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Covid-19: Furlough Leave


On 20th March 2020 the Government introduced a new job retention scheme whereby UK employers can access a grant from the Government for up to 80% of an employee’s wage. The scheme is implemented to enable employers to continue paying employees who would otherwise have been laid off or made redundant during the ongoing crisis. 

Which employers are eligible?

All UK businesses enrolled on a PAYE payroll system prior to 28th February 2020 are entitled to access the scheme and there will be no requirement for the employer to demonstrate any financial hardship to be eligible to claim the grant. 

What is offered by the Scheme?

Under the scheme, the Government will pay employers cash grants of 80% of the wages of the furloughed worked; capped at a maximum of £2,500 per month (plus pension and NIC).  The scheme is currently due to be implemented towards the end of April 2020 and will run for a minimum of 3 months from 1st March 2020. 

Whilst there is no obligation to do so, an employer can opt to top up the balance of an employee’s salary. However, the employee must be told at the outset when offering furlough leave if the employer does not intend on making up the remaining balance. Explicit agreement to the furlough leave should be recorded in writing to avoid any future claims being made by the employee. The most practical way of doing so would be by way of a deed of variation to the employment contract.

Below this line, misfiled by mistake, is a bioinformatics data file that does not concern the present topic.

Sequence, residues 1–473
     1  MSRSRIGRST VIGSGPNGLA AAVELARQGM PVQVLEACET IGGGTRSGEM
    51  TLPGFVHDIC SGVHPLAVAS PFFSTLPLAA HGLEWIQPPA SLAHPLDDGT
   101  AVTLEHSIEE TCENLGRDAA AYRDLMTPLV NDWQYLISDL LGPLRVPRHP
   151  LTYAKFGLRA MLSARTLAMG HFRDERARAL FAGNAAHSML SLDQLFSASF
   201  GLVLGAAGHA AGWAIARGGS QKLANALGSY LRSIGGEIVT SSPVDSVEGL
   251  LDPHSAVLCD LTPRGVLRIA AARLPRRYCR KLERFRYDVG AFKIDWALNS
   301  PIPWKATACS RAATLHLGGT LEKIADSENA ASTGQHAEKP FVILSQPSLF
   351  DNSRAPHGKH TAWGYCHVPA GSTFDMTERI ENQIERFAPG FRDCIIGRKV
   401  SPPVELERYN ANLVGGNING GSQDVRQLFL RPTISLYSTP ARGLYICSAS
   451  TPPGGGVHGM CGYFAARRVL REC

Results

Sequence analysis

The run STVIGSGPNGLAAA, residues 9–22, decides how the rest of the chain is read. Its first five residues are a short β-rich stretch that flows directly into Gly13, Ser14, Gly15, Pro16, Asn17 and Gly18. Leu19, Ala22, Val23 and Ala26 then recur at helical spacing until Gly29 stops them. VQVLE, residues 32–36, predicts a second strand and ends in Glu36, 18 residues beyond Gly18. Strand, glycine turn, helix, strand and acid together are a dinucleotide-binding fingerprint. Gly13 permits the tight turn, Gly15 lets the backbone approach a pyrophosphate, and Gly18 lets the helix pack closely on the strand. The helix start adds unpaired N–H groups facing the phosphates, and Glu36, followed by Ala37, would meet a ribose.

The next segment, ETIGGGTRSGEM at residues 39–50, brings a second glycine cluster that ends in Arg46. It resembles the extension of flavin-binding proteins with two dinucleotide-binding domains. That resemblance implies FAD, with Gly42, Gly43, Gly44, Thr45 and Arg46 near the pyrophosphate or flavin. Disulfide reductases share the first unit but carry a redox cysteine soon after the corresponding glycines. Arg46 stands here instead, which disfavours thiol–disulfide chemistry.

Which employees can be furloughed?

Any individuals that are engaged via the PAYE system can be furloughed; this is irrespective of their employment contract and employee status. As a result, those individuals on flexible or zero-hour contracts will also be covered. The scheme will, however, only cover those employees who were on the Payroll prior to the 28th February 2020. Any employees who have been made redundant after 28th February can also be re-hired and placed on furlough leave. 

Any employees on furlough leave will be unable to carry out any work for, or on behalf of, the employer. Likewise, any employee who continues to work, whether on reduced hours or otherwise, will not be covered by the scheme. Employees are able to carry out training or voluntary work, as long as they are not providing services or generating income for the employer. 

What process should be followed?

The employer must notify the employee of their intention to put them on furlough leave and obtain their consent. If no consent is given, the employee may be subject to redundancy. Once the employee consents, the employer must write to the employee placing them on furlough leave. This letter should be retained by the employer, should it later be required for the purpose of relying on the scheme. 

The minimum period in which an employee can be placed on furlough leave is 3 weeks. At the end of the 3-week period, the employer has the option to extend leave and there is nothing to prevent the employer from offering furlough leave on multiple occasions. 

What is the employment status of a furloughed employee?

The furloughed employee remains an employee and subject to the existing employment contract and employment law. Where an employment contract contains a provision for lay off then the employer is able to implement this; in absence of such clause, the consent of the employee to be furloughed must be obtained and the contract ought to be varied accordingly. 

Our employment solicitors are ready to help you with any aspect of employment law. For more information call our Compulsory Purchase Order Solicitors on 0330 127 8888 or let us call you back by filling in our online enquiry form.


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